Is the coronavirus crisis the crystal ball that holds the future of a green transport revolution?

Will the new normal help us pedal towards the emergence of car-free cities and escape our dark past?

Festival Net Zero 2021

The world has been deeply scarred by the ongoing Covid-19 crisis.

With the measures of a worldwide lockdown against the virus being eased gradually and people trying to gather up the pieces of shattered economies, what lessons have we all learned from this crisis?

While nature took breaths of life while we were not there, polluting mother Earth with our old bad habits, we were rewarded with cleaner skies, more balanced biodiversity and a vision of a sustainable future.

Governments around the world in a bid to keep this ‘green momentum’ are starting to introduce measures to promote greener mobility.

The UK has unveiled an ambitious plan to become a hub for a green transport revolution. The government by announcing a £2 billion package, has brought forward plans to increase green transport options, including cycling and walking and create a new era of green transport.

But how close are we to seeing London as one of ‘the world’s largest car-free zones’ as is the Mayor’s ambition?

And are willing to pay for this cleaner way of travelling?

We’ve certainly seen many more us on our bikes and not just those middle-aged pot-bellied lycra-clad Sunday riders. Mums, dads, kids and older people are getting on two wheels emboldened by safer streets, so are bikes the obvious route to green transport?

Duncan Dollimore, Head of Advocacy and Campaigns at Cycling UK says we need to encourage this trend.

“We are a very long way from a car-free world, but we can significantly reduce the number of car journeys without going car-free. In the UK, 68% of car journeys are under five miles,” he said.

“That’s a distance which, if we had the right infrastructure, many people would feel comfortable cycling.”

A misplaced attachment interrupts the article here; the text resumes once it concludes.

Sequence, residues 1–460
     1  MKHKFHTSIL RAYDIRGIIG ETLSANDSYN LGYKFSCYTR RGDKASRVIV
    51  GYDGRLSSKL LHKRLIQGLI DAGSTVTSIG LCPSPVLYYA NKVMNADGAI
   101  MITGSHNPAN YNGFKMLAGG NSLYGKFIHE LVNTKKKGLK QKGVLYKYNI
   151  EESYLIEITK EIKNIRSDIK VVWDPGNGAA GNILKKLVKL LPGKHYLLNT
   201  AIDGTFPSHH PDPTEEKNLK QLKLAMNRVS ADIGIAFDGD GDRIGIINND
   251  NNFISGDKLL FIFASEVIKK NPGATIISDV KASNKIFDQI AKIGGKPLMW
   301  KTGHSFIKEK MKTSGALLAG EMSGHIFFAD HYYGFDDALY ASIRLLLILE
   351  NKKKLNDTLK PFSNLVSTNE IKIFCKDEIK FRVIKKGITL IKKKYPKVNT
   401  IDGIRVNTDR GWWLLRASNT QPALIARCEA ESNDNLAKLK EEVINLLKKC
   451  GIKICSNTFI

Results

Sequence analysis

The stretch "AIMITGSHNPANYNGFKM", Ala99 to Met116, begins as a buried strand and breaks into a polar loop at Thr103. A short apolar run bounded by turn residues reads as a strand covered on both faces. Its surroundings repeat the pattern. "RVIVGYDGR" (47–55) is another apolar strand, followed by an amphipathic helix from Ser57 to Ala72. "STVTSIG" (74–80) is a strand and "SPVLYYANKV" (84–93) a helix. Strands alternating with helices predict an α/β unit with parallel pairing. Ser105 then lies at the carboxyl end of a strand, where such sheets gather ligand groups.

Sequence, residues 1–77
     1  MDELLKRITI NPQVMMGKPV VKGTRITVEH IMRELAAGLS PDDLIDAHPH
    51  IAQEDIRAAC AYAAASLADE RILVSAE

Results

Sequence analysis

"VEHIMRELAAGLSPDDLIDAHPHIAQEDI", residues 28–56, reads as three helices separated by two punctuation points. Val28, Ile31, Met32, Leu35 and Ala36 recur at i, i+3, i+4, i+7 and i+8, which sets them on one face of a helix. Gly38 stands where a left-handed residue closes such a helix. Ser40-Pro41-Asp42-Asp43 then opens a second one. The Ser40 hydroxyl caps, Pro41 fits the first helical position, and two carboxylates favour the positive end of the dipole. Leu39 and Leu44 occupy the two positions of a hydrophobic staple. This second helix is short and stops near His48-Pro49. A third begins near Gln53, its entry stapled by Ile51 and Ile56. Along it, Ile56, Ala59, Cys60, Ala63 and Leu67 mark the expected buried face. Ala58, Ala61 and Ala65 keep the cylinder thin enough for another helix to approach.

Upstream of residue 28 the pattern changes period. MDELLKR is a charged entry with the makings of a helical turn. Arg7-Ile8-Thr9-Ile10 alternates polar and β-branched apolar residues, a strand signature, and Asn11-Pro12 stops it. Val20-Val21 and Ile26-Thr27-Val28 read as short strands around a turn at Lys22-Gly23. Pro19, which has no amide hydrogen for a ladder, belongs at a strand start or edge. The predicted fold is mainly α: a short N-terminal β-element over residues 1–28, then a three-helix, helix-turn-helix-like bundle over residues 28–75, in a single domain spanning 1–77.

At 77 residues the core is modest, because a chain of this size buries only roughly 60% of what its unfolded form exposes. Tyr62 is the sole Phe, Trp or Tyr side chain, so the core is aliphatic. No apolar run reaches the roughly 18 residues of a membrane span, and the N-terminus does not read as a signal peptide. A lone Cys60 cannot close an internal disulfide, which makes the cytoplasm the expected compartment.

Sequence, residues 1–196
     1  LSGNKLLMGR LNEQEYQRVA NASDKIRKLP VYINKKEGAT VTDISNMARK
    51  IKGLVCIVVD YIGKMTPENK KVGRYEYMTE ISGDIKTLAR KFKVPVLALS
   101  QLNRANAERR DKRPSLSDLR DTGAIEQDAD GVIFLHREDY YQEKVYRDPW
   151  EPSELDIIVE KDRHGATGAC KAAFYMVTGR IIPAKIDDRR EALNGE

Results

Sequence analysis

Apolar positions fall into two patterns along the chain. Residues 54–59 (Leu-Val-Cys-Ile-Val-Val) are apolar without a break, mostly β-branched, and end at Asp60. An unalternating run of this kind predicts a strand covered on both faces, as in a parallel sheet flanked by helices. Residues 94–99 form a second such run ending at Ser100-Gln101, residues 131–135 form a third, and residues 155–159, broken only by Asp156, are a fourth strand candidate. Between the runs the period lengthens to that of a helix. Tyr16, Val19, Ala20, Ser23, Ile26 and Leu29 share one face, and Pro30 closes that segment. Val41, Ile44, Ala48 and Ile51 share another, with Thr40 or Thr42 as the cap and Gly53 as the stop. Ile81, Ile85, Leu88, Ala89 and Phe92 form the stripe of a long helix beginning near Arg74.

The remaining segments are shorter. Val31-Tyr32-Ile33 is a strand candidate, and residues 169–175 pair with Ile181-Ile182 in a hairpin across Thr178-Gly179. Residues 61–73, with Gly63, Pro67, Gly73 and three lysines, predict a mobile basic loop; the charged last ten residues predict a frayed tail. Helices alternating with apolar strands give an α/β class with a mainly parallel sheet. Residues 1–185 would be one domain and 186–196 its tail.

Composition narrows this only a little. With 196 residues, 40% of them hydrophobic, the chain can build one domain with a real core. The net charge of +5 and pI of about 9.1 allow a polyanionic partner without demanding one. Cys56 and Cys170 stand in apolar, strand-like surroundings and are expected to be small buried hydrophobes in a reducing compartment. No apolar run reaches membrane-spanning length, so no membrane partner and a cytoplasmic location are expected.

He says we can and should, be able to shift millions of those short car journeys to ‘active travel’ either by walking or by bike. This would massively reduce car usage with huge public health and environmental benefits.

He believes it’s not the first time we’ve heard these warm words coming from politicians: “It’s no good telling someone who hasn’t cycled for 15 years and is nervous about riding on a busy road alongside cars and lorries, that they really should give it a go.

“Our behaviour is influenced by the built environment, so if people think the roads aren’t safe to cycle on and if they’re nervous doing so, many won’t change their behaviour.

“If they see they can cycle separated from motor traffic however, they’ll consider cycling rather than driving, which is why building the right infrastructure is essential, so active travel looks like a realistic option for everyone, not just the brave”.

Is this the start of a brave new world?

Parisian Mayor Anne Hidalgo has announced that returning to a city dominated by cars post-pandemic is ‘out of the question’.

Hidalgo has joined the leaders of a number of other European cities in setting out a plan that favours alternative forms of transport.

“A car-free Europe is not likely to happen – and to be fair, that’s not what we advocate for. We are not anti-car per se but it is inspiring to see so many cities taking bold steps to reduce the space available for cars and give it back to people,” says Niccolo Panozzo, Director of Communications of the European Cyclists’ Federation.

He added: “Some of these cities are taking really bold decisions and creating a positive snowball effect that is spreading across the entire continent.”

At the beginning of 2019, the city of Oslo restricted access to cars to a big chunk of its city centre. Suddenly, entire streets basically became cycle lanes and road fatalities went down to zero.

Mr Panozzo sees mainly two big obstacles to the wider implementation of the ‘green transport revolution’, the availability and accessibility of dedicated funds to sustain the investments and the strong pressure of the car industry that can influence local authorities.

“We are addressing the former working directly with the European Commission and DG MOVE, for the latter we are putting pressure on the European Parliament to make sure that European funds are used to help people and their needs, rather than polluting multinational corporations,”he said.

The army of the new era cyclists